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Equity Volatility for You

Most of you have probably already read Mark’s August 2nd Commentary entitled “Equity Valuations”. If you have not read it, I highly recommend going to Mark’s blog and reading it.  In keeping with that longer-term investing theme, I wanted to build on that particular Commentary. Specifically, I would like to focus on determining what type of equities are right for you.  Whenever the market goes through one of its inevitable rough periods, many investors start to question whether their stocks will ever “come back”.  One of the key points Mark mentioned in his Commentary was if you are someone who wanted to sell (or did sell) after the market was down substantially, then stocks may not be the proper investment vehicle for you.  Each individual needs to perform an honest self-assessment to determine if stocks are the right type of investment for your specific needs and temperment.   Assuming equities are going to be at least a part of your overall portfolio, we need to drill down into just what type of stocks you should own.  For simplification purposes, we will assume there are two basic types of equities, high beta (higher volatility) and low beta (lower volatility). 

In general, you will find that higher beta stocks are found in industries that have above average long-term growth prospects (technology and biotech companies, for example).  The companies that operate in these high growth industries can grow extremely fast (Apple), but they also face the almost constant threat of new companies making their business models obsolete (Palm).  So, the stock prices of these types of businesses tend to fluctuate substantially, both up and down.  These businesses also tend to retain most (or all) of their earnings for future growth opportunities so current dividends tend to be very low.  Most of the stock return in the long-run will come from capital appreciation, not dividends.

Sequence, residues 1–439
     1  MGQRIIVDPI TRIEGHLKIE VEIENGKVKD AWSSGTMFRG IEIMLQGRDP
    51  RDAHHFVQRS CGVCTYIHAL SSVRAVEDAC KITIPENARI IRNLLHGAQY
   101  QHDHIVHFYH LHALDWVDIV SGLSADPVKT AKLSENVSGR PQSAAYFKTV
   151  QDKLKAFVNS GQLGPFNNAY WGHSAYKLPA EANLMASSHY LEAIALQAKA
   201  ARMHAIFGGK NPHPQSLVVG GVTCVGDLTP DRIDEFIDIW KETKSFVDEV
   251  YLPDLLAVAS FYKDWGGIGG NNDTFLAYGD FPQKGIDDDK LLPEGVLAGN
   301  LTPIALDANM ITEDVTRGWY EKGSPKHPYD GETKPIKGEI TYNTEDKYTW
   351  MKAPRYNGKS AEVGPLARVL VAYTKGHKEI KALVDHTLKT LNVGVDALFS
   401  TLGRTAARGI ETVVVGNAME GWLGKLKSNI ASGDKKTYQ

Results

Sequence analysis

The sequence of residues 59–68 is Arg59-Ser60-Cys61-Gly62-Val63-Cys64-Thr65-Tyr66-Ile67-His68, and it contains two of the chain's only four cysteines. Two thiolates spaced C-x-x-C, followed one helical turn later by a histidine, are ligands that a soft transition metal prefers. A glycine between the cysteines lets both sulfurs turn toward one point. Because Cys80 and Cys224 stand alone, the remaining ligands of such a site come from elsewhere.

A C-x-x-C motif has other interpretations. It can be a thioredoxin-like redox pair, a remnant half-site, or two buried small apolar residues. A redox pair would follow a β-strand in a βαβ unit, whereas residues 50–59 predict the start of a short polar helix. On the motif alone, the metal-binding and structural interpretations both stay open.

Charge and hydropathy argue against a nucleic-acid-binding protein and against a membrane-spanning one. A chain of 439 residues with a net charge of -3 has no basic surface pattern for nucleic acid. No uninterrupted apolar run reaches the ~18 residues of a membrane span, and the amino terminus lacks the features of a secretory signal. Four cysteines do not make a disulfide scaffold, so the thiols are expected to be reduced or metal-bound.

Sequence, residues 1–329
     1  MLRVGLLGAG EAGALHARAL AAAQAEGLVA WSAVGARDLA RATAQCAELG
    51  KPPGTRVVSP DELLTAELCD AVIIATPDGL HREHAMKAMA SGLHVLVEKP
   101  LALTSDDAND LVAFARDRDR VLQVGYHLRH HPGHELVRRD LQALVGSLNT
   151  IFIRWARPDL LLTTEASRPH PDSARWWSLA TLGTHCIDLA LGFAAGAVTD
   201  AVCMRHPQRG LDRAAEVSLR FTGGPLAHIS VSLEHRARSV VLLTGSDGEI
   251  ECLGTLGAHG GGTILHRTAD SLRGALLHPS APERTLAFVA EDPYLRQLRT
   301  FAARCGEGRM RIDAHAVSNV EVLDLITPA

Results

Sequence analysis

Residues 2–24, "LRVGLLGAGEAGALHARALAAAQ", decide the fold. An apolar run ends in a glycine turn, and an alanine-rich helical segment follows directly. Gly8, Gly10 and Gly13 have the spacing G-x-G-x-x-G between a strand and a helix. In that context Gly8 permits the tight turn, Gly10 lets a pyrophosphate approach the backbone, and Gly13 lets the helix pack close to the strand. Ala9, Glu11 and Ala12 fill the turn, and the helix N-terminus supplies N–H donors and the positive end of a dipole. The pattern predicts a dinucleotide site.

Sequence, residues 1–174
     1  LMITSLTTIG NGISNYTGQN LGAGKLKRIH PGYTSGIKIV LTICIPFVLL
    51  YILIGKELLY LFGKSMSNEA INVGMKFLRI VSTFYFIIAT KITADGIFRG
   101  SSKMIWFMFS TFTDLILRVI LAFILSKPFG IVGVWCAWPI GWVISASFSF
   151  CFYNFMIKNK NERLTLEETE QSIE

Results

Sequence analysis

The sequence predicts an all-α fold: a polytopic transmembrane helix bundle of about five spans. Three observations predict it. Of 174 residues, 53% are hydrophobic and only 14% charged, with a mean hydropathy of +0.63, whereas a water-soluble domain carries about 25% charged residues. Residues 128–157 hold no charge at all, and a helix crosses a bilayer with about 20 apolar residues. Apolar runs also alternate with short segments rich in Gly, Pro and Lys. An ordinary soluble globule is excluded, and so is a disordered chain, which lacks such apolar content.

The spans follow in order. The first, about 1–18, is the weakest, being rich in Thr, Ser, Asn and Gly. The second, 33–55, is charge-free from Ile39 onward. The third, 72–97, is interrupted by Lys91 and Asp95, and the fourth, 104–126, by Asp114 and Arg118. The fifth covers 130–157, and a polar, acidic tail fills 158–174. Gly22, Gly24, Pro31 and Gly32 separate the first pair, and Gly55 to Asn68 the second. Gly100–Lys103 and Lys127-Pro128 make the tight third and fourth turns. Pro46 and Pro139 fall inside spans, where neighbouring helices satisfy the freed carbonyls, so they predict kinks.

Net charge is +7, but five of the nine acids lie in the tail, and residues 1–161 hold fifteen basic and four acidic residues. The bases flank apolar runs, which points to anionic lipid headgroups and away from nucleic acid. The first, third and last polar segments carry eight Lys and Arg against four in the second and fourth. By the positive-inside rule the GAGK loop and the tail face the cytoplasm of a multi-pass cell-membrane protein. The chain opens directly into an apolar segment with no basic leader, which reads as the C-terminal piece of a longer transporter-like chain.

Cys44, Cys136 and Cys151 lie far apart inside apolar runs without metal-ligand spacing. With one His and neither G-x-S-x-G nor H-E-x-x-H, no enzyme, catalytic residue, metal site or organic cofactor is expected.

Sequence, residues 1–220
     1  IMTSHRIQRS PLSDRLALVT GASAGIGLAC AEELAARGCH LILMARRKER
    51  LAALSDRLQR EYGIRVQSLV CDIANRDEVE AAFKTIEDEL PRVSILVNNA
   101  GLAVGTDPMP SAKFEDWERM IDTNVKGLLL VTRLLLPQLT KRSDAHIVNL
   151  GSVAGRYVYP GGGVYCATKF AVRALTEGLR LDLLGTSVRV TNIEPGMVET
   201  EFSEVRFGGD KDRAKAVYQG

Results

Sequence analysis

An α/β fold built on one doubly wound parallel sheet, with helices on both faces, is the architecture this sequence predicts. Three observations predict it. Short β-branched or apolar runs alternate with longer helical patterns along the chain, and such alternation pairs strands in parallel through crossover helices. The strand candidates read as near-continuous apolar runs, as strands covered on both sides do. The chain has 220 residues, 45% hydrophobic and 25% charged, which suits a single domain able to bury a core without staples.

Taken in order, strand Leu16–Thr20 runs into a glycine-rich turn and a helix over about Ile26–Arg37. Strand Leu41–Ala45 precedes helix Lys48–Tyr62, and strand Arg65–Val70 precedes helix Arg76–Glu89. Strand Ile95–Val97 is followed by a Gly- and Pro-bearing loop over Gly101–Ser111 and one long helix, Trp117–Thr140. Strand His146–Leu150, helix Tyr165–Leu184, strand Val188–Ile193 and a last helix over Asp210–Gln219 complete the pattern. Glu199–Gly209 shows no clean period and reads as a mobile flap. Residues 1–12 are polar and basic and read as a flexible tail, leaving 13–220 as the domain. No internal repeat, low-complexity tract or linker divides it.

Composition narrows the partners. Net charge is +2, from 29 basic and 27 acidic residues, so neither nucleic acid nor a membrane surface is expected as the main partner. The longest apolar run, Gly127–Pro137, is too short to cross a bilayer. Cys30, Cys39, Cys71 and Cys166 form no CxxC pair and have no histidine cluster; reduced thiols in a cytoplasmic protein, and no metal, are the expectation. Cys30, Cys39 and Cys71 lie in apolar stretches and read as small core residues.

At the other end of the spectrum, there are the slower-growing, lower-beta stocks.  Generally known as “Blue Chips”, these are the stocks that most of us have heard of (Pepsi, Johnson & Johnson, Kraft, for example).  These businesses are generally very established in their industry, and their threat of obsolescence is quite low.  Most of these companies have fairly stable, but low, growth rates.  The stocks tend to pay a pretty good dividend since the companies don’t need all of the cash flow to reinvest in their business.  Generally, in the long-run, somewhere around half of an investor’s return will come from dividends, the rest from retained earnings.  The dividend yield generally helps to provide a cushion during market pull-backs.

So the question becomes, are you someone who is comfortable with the substantial ups and downs of higher beta stocks (our Best Ideas portfolio is similar to this) in order to target a higher than average long-term return, or are you more comfortable with the lower volatility of the blue chip equities (our Blue Chip portfolio) with the realization that your long-term returns will likely be lower?  The answer to this question is very important.  Both types of equities will have their day, but they tend to work somewhat inversely of one another. 

It is much better to figure out ahead of time what you are comfortable with, not after a large pull-back in the market.  If you have a long-term investment timeframe (years, not months), and can stick out the inevitable rough periods, then the more aggressive approach will most likely pay off in the end, but you need to stick with it.  If you believe you will feel the need to switch into a more conservative investment, like blue chips, after the aggressive portfolio has underperformed in the short-term, then you will be better off sticking with blue chips from the start.  You may give up some return in the long-run, but you will sleep better at night and stick with it.  Sticking with a long-term investment plan, through good times and bad, is probably the most important part of successful investing, but it is certainly not easy to do.